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INFORMATION BULLETIN

2009PSSG0046-000801
Dec. 30, 2009

Ministry of Public Safety and Solicitor General

 

 

NEW YEAR BEGINS WITH NEW CELLPHONE RULES

 

VICTORIA – B.C. drivers have one more day before they must abide by a new law that brings in a full ban on hand-held cellphones and texting while driving.

 

On Jan. 1, 2010, police will begin enforcing changes to the Motor Vehicle Act that mean drivers can only use hands-free cellphones and devices that require just one touch to activate. Fines will begin on Feb. 1, when a driver talking on a hand-held phone or electronic device will be subject to a fine of $167. In addition, drivers caught texting or emailing will be subject to three penalty points.

 

To abide by the new law, licensed drivers can use hands-free technology that is activated by a single touch to a button, or when it is safe to do so, pull over to a legal parking place and stop their vehicle before they talk or email.

 

New drivers in the Graduated Licensing Program (GLP) face a full ban on all cellphone and electronic devices, including hands-free. A recent report entitled ‘Teens and Distracted Driving’ by Washington D.C.-based Pew Research found that of those teens 16 to 17 years of age who own a cellphone or text regularly, more than half have talked on a cellphone while driving, and one in three has texted while driving.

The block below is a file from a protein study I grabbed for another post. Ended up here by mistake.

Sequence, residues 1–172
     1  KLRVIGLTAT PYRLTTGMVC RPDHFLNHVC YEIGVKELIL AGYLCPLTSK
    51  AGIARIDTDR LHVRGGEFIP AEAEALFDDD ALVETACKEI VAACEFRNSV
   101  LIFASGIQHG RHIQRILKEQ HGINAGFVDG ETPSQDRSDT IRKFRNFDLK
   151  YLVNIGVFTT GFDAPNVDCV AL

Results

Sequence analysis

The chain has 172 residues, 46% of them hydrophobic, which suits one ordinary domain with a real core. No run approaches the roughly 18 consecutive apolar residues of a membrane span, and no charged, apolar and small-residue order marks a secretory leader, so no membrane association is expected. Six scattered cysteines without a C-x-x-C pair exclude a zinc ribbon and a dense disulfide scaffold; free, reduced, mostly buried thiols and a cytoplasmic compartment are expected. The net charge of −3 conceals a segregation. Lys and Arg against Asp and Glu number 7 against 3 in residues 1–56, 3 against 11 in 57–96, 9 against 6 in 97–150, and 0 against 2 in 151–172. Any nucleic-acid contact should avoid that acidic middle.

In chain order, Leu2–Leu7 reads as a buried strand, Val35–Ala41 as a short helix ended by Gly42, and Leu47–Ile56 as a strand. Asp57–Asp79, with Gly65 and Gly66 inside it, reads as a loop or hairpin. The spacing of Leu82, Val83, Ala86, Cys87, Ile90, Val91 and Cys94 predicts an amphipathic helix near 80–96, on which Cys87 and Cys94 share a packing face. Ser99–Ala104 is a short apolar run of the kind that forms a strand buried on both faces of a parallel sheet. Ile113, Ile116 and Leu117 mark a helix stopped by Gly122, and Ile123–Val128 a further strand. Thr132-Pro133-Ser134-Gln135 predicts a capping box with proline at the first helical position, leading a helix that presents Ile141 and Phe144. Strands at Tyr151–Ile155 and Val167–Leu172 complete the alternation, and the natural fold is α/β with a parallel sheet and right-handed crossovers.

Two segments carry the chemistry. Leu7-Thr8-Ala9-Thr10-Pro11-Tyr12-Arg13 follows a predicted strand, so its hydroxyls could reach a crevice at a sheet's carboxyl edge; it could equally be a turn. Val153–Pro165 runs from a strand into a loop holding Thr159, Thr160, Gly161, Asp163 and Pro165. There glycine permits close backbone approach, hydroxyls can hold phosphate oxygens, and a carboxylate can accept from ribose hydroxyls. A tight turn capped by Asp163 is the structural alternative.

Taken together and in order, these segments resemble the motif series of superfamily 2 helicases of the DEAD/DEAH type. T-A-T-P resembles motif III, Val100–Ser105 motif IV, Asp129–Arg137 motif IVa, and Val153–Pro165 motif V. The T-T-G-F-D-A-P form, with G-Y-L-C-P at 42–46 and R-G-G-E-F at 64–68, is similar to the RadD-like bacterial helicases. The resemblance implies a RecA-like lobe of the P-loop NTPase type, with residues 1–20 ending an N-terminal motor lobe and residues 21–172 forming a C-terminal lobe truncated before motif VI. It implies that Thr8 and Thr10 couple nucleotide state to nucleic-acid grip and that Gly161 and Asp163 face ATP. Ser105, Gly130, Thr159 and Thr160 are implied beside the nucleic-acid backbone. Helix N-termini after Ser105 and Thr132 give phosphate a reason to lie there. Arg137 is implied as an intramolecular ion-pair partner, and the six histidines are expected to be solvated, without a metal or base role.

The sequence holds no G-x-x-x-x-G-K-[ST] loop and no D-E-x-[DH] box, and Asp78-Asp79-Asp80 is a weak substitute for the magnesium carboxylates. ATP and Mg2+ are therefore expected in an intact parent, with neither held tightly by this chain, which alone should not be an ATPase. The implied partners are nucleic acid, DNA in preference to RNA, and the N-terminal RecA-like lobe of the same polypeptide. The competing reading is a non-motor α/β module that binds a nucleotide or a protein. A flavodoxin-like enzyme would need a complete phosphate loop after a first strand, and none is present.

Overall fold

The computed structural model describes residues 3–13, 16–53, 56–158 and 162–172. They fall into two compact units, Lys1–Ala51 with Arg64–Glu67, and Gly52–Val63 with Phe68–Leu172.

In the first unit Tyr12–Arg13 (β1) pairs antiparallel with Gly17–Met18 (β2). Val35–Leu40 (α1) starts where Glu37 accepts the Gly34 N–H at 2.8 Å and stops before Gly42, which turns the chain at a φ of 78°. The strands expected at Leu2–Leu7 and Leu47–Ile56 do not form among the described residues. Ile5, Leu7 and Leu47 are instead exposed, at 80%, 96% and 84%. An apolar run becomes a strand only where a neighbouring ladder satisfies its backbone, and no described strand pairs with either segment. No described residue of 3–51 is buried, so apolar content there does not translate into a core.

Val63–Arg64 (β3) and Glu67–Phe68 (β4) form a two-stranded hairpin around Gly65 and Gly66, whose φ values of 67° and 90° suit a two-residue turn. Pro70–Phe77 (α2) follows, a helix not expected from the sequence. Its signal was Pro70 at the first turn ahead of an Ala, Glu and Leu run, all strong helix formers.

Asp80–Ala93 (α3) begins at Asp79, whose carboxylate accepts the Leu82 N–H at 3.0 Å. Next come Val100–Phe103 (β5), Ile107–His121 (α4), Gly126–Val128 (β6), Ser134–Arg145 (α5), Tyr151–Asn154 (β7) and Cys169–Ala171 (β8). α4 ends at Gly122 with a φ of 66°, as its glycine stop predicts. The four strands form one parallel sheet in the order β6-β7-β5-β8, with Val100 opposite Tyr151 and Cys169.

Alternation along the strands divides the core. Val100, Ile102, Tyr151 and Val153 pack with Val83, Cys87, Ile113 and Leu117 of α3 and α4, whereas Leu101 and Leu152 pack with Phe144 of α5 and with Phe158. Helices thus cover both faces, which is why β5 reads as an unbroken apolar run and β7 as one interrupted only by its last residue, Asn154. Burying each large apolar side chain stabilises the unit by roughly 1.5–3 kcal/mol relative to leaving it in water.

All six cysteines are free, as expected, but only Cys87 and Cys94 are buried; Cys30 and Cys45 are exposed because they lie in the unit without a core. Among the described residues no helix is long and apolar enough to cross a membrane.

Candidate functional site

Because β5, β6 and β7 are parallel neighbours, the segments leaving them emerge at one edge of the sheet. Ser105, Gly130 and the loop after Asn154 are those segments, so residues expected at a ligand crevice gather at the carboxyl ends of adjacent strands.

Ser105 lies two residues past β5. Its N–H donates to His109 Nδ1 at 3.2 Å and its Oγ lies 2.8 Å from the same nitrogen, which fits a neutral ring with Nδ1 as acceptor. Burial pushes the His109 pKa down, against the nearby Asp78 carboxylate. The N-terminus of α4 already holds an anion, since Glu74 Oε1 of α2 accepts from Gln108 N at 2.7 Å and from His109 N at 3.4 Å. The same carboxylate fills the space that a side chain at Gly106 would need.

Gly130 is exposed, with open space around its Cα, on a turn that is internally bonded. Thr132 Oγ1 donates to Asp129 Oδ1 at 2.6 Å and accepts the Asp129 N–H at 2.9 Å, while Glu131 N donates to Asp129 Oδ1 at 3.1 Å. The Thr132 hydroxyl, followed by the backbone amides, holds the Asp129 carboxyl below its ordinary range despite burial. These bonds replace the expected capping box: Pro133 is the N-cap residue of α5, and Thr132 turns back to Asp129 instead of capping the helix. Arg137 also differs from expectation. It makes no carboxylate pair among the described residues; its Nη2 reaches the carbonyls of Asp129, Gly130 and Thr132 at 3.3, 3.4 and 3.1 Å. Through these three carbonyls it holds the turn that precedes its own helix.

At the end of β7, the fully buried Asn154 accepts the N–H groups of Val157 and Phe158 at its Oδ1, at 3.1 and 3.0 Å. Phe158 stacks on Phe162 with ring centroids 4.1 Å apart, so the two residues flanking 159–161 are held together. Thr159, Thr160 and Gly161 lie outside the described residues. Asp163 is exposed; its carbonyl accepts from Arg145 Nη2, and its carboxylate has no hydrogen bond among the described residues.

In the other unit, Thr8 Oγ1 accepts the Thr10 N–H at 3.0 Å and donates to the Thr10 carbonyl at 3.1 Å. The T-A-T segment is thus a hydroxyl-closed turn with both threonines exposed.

Police, fire and ambulance personnel who may need to make calls in the performance of their duties, and motorists who need to call 9-1-1 are exempt from the legislation. The use of two-way radios for commercial or industrial vehicles will be permitted.

 

To help raise awareness of the new law among drivers, the Province and ICBC have started a public education campaign. As well, the Province is placing highway signs along B.C. roads at major international border crossings and airports to warn motorists not to drive using hand-held devices.

 

For details on what is permitted and what is prohibited under the legislation, go to:

http://www.pssg.gov.bc.ca/osmv/publications/index.htm.

 

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Contact:

 

Public Affairs Bureau

Ministry of Public Safety and Solicitor General

250 356-6961

 

For more information on government services or to subscribe to the Province’s news feeds using RSS, visit the Province’s website at www.gov.bc.ca.